First Food and Hotel China Show Since U.S. Beef’s Return Provides OpportunityPublished: Thursday, January 18th, 2018
The 2017 Food and Hotel China (FHC) trade show – the first since the ban on U.S. beef was lifted – gave USMEF an opportunity to showcase U.S. red meat to a wider range of Chinese food buyers and address their questions about importing U.S. products. With funding from the Beef Checkoff Program and the Pork Checkoff, USMEF chefs and staff served U.S. beef and pork tasting samples at an expanded booth at the Shanghai show.
“Knowing that we would see more interest due to U.S. beef coming back into the market, we added more room to display U.S. beef and pork, and to demonstrate ways to handle and cook the products,” explained Ming Liang, USMEF marketing director in China. “We also needed more room so that we could visit with more buyers and managers from China’s HRI and retail sectors, business people looking for supplier information. We divided our booth space into different sections for different functions, so that visitors could easily find the information they were looking for.”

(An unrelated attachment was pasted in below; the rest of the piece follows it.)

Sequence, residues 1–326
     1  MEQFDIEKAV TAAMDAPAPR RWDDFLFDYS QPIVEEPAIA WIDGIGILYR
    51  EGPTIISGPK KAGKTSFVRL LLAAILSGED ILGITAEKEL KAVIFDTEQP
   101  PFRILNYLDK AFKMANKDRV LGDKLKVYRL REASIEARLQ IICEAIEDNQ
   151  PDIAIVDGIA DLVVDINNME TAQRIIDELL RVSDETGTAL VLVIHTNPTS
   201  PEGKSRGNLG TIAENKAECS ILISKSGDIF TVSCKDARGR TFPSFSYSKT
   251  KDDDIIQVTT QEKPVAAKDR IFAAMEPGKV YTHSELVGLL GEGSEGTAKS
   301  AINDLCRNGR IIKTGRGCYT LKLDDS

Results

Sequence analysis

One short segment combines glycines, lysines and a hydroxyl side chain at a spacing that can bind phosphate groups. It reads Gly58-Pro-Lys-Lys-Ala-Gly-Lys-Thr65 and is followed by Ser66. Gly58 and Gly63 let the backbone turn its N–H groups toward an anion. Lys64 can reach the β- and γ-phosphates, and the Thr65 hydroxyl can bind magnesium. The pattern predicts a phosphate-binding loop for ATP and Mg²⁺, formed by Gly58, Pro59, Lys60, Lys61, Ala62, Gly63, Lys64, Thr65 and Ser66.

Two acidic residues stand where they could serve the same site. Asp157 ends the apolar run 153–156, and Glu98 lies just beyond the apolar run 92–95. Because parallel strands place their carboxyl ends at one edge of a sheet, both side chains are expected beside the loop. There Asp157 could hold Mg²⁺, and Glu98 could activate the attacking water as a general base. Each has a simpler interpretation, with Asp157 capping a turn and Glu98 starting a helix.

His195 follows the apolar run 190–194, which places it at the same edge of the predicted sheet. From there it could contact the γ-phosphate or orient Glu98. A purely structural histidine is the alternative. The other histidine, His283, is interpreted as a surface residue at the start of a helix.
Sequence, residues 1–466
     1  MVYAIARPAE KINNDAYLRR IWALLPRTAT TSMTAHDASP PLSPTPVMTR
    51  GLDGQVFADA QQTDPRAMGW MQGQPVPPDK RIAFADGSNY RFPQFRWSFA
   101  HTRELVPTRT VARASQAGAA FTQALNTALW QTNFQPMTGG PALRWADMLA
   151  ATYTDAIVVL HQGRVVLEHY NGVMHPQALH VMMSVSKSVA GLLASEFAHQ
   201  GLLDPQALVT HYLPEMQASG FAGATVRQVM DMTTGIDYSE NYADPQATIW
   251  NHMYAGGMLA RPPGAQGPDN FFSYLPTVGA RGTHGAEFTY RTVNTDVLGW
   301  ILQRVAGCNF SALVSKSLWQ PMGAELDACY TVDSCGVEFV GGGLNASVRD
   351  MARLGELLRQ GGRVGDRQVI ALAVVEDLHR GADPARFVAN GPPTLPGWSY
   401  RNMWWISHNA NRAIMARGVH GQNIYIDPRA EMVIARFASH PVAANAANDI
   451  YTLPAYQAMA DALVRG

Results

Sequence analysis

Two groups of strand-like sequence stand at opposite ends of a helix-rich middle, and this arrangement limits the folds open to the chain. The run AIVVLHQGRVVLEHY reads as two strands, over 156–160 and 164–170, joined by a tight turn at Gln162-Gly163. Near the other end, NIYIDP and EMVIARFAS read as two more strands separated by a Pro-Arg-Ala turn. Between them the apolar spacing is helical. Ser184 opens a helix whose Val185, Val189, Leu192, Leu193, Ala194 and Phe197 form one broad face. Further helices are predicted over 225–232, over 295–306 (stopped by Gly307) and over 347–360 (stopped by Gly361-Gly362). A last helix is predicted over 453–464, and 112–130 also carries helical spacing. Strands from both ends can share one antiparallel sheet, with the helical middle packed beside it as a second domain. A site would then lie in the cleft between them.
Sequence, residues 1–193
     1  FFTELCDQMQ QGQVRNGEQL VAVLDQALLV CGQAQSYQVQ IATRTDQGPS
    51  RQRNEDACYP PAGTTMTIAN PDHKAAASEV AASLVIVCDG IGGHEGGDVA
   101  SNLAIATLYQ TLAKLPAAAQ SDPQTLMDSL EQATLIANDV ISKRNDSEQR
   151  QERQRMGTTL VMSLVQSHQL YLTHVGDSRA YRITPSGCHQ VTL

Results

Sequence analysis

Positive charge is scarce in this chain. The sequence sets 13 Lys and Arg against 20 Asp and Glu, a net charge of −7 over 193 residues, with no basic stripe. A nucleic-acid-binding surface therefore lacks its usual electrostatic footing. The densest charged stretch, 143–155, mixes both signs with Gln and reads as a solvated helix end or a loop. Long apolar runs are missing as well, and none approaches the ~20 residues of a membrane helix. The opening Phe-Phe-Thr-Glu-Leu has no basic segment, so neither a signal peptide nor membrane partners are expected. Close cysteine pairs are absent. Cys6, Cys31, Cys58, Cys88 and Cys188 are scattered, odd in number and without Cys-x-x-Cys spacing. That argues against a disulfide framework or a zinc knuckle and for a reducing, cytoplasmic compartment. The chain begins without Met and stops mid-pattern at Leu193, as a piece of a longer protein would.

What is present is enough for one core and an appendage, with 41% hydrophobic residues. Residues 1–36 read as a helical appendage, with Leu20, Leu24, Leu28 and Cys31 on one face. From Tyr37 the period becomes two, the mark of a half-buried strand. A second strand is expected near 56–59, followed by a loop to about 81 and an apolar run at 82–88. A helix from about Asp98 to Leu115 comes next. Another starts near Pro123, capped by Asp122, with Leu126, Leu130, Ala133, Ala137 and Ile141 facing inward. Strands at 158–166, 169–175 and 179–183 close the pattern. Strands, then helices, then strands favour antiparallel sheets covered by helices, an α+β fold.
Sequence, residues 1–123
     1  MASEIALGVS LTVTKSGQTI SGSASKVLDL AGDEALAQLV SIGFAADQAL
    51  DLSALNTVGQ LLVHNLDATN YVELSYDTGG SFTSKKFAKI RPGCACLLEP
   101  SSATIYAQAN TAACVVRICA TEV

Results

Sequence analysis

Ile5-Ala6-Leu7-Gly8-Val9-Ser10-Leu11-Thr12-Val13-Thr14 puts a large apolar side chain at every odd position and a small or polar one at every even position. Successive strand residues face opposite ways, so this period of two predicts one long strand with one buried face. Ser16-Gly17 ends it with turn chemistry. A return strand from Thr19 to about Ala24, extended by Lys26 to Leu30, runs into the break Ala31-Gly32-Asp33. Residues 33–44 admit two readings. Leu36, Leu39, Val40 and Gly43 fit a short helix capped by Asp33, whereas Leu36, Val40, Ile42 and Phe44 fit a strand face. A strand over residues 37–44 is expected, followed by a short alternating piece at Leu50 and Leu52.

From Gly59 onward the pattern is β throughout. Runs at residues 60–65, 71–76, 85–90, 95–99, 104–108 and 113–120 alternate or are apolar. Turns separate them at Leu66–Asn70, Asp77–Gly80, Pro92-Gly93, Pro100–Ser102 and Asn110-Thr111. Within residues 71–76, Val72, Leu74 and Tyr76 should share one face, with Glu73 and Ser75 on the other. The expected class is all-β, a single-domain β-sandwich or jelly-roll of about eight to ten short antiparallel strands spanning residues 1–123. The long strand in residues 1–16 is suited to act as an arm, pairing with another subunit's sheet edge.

FHC attracted nearly 2,500 exporters and distributors from 69 countries. More than 91,300 people attended the show, many of them food buyers from across China.
USMEF’s booth included a product display room for portion control U.S. beef and pork and an information counter. USMEF member companies were given individual space to display samples and have discussions with clients and potential clients.
A USMEF chef performed cutting demonstrations throughout the show, sharing tips on how to merchandise U.S. beef and pork.
“For U.S. beef, we mainly displayed economical items such as chuck and leg cuts,” said Liang. “We took the opportunity to introduce buyers to new items and explained their versatility. We let them know that U.S. beef is not exclusively for high-end end users in China.”
USMEF highlighted the chuck tender, chuck shoulder clod, top blade muscle, knuckle, bottom outside round (flat) and eye of round at FHC.
U.S. pork cuts featured were CT butt, knuckle and outside flat.
USMEF also invited a chef from Dadong, one of the top Chinese fusion restaurant chains, to help prepare tasting samples and give buyers menu ideas. To promote economical items, the chef prepared shoulder clod, chuck tender, chuck flap, pork butt and pork spareribs for visitors to taste.
According to Liang, the preparation for increased traffic at the USMEF booth proved worthwhile.
“USMEF members and our own people working the booth noticed a lot of potential clients came by for information,” he said. “It helped our members develop new clients, and many traders came to ask how they could get in touch with U.S. beef exporters and local importers.”